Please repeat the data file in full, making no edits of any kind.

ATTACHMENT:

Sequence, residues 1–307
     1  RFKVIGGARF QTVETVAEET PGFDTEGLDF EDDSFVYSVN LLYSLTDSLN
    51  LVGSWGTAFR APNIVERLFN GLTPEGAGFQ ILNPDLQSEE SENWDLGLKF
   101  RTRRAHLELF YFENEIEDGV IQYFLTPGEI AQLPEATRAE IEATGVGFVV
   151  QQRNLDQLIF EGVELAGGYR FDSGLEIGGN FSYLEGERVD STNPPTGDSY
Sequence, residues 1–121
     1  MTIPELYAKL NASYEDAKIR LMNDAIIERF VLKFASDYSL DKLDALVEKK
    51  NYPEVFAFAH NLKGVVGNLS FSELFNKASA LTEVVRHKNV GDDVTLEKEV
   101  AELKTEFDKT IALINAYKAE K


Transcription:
Sequence, residues 1–307
     1  RFKVIGGARF QTVETVAEET PGFDTEGLDF EDDSFVYSVN LLYSLTDSLN
    51  LVGSWGTAFR APNIVERLFN GLTPEGAGFQ ILNPDLQSEE SENWDLGLKF
   101  RTRRAHLELF YFENEIEDGV IQYFLTPGEI AQLPEATRAE IEATGVGFVV
   151  QQRNLDQLIF EGVELAGGYR FDSGLEIGGN FSYLEGERVD STNPPTGDSY
Sequence, residues 1–121
     1  MTIPELYAKL NASYEDAKIR LMNDAIIERF VLKFASDYSL DKLDALVEKK
    51  NYPEVFAFAH NLKGVVGNLS FSELFNKASA LTEVVRHKNV GDDVTLEKEV
   101  AELKTEFDKT IALINAYKAE K